My 2018 Goals

We are three quarters the way through January, so you might be surprised to see a post about my 2018 goals and resolutions. However, I am trying very hard to stick with them this year and I thought putting them on here might help me keep going. You know – guilt me into sticking with it!

I have two sections to this: my goals and my resolutions. The goals are something that I can achieve and cross off the list, but the resolutions are an ongoing part of my year. In the past I have been pretty rubbish at keeping my resolutions. This year I tried hard to make them managable and achievable. I have even started a sort-of bullet journal to help me track my blog posts/workouts etc.

My Goals

  • Move in with my boyfriend (see my post here for more info!)
  • Publish a research paper (I’m doing a PhD and this is an important part of the process)
  • Finish my secret project. It is only secret because I use a pseudonym on here and writing this one out would tell you all my real name!

My Resolutions

  • Write a blog post (at least) once a week. I really am trying to get back into blogging!
  • Do yoga at least once a week. I used to be so into yoga (specifically Yoga with Adriene), but I barely did any in 2017.
  • Write for at least 2 hours a day, five days a week. I’m in the third year of my PhD now, and I definitely need to start cranking out the words so I better keep to this one!

Wish me luck!

 

Advertisements

How to Write More and Enjoy It

For those that don’t know, November is NaNoWrMo (National Novel Writing Month). Thousands of people will be picking up their pens to write that book they have been planning for years. Maybe you are thinking about starting that first novel or perhaps just want to write more words, more often for your blog or university/school work. This post will breakdown a few tips and tricks that I have learnt whilst doing my PhD.

For the past two years, I have been writing about 10,000 words every six to eight weeks for my PhD supervisions. It can be pretty intense and when I had just started the PhD, I was often rushing to get things done, staying up late, and getting up far too early to meet deadlines. Over time, I have got better at writing by simply learning what makes my writing sessions more productive and less stressful. For more on productivity, check out this post.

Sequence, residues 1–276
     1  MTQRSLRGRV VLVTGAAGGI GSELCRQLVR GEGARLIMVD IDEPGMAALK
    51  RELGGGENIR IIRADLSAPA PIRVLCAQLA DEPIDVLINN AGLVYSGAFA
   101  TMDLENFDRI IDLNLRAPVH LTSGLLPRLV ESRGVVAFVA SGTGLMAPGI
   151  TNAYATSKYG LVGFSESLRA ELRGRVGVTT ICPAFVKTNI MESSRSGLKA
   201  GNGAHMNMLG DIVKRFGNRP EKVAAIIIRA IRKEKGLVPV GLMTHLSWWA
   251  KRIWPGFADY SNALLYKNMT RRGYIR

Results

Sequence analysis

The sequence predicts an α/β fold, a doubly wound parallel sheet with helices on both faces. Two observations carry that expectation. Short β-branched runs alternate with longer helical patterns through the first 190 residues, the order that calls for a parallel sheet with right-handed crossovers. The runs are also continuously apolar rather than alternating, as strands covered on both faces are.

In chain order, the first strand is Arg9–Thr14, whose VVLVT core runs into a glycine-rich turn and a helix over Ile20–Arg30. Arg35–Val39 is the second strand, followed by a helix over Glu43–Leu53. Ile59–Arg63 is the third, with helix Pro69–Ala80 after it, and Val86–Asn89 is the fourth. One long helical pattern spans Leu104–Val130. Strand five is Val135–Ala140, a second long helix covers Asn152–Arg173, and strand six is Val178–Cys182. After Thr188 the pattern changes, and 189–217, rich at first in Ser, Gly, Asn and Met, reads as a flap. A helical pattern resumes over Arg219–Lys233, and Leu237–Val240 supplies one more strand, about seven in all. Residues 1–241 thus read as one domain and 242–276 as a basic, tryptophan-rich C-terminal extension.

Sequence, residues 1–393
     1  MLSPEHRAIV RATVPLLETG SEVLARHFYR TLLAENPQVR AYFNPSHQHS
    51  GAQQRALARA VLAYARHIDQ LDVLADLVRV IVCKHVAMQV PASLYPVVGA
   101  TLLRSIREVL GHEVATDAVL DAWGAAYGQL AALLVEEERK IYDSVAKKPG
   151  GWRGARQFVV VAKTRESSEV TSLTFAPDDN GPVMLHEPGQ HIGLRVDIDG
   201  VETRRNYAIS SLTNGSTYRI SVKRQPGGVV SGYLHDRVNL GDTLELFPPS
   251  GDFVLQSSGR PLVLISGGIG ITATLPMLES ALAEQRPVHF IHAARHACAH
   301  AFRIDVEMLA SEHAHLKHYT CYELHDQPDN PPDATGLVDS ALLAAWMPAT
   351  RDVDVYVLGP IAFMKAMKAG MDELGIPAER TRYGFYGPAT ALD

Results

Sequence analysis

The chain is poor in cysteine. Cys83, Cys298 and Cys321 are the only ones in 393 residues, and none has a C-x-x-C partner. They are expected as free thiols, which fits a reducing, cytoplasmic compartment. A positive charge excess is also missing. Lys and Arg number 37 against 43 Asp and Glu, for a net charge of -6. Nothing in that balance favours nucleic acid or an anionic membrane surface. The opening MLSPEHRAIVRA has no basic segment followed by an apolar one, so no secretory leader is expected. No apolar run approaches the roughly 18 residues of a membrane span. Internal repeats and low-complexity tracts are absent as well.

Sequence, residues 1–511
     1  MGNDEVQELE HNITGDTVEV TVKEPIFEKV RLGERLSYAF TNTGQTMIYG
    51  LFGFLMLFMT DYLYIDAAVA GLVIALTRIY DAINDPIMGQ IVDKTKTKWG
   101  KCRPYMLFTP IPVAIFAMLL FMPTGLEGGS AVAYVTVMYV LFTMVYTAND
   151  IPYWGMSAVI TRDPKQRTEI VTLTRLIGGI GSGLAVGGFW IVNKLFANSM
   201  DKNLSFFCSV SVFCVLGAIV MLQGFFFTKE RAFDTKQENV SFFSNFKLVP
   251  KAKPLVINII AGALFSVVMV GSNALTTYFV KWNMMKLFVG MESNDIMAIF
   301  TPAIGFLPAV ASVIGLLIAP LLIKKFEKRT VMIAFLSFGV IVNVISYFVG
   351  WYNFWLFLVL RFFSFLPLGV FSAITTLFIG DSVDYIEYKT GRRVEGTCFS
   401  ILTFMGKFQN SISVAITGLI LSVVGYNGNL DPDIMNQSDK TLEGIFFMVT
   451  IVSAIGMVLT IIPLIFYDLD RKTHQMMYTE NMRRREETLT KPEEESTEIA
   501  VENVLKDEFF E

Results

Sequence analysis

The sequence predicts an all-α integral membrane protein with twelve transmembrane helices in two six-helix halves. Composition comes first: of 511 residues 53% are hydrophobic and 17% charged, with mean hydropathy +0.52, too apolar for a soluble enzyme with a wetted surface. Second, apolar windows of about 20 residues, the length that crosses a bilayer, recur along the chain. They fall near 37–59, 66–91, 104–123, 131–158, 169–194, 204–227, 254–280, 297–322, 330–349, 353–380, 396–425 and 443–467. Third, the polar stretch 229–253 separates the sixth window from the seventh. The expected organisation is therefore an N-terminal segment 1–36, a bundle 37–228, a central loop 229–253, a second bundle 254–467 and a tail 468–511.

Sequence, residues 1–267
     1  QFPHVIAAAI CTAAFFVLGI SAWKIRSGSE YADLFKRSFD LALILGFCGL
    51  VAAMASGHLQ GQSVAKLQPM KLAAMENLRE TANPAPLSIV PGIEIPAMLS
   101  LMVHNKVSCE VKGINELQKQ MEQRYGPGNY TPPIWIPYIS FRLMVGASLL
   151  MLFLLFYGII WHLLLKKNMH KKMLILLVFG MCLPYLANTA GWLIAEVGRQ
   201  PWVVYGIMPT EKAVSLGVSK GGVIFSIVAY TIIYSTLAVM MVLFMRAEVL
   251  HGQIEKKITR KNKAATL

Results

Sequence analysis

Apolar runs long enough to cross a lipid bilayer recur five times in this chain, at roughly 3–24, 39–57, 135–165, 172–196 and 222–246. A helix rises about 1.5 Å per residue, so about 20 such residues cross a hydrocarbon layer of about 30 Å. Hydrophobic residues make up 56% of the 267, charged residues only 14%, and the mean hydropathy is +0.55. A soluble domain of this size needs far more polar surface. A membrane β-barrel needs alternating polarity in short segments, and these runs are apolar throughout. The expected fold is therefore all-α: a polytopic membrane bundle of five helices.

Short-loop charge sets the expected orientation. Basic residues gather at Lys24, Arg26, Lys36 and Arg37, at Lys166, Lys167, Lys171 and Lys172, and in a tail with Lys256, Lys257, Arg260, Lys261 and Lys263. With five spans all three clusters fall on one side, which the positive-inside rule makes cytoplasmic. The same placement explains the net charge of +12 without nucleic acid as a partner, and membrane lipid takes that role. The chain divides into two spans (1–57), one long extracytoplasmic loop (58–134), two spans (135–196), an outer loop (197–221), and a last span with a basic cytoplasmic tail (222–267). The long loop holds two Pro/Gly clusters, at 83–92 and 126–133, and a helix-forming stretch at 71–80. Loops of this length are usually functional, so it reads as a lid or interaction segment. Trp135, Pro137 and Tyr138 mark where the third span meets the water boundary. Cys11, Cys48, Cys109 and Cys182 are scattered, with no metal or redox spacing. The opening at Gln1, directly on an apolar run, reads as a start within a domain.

Academic Year and You

1. Know what you want to write

I’m sure everyone’s English teacher at school advised you to plan your essay before you start. It might be boring advice, but it is excellent advice. If you don’t know what you want to talk about or the angle that you plan to take with your blog post/essay/whatever, it is going to be much much harder to write. Personally, I find that my ideas develop as I write – it is part of my process – so I’m not suggesting that you should have every sentence thought out. Just take some time to think ahead and you’ll save yourself hours in the long run.

2. Just write something, anything!

When you are trying to write, few things are more terrifying than the blank page. Although I think planning can really help, at some point you have to start writing so just go for it. Don’t overthink things and just get some words out! We are all guilty of trying to craft the perfect sentence or paragraph, of agonising over every word, of deleting and rewriting over and over again. I try not to re-read whilst I’m writing; instead, I just get as many words out as I can and then edit later. For the first draft, any words are better than no words.

3. Set (sensible) goals

When I have a deadline approaching, everything (even cleaning the bathroom or taking out the bins) seems more appealing than writing. I have to persuade myself to write, and I do this by setting myself a goal for the day. It is important to make the goal acheivable but not super easy: I tend to go for 500 words as I can usually manage it even when inspiration isn’t flowing. Then tell someone your goal, like a friend, colleague, or partner. You’ll then have someone to hold you accountable and┬áto celebrate with! The prospect of writing seems so much less daunting when you know exactly what you want to acheive that day.

For some people writing comes naturally but for others (myself included!), it can take time to learn what makes you a more productive and happier writer. These three tips have improved how I work and made writing a much more pleasent process.

Happy writing!

Library shot PhD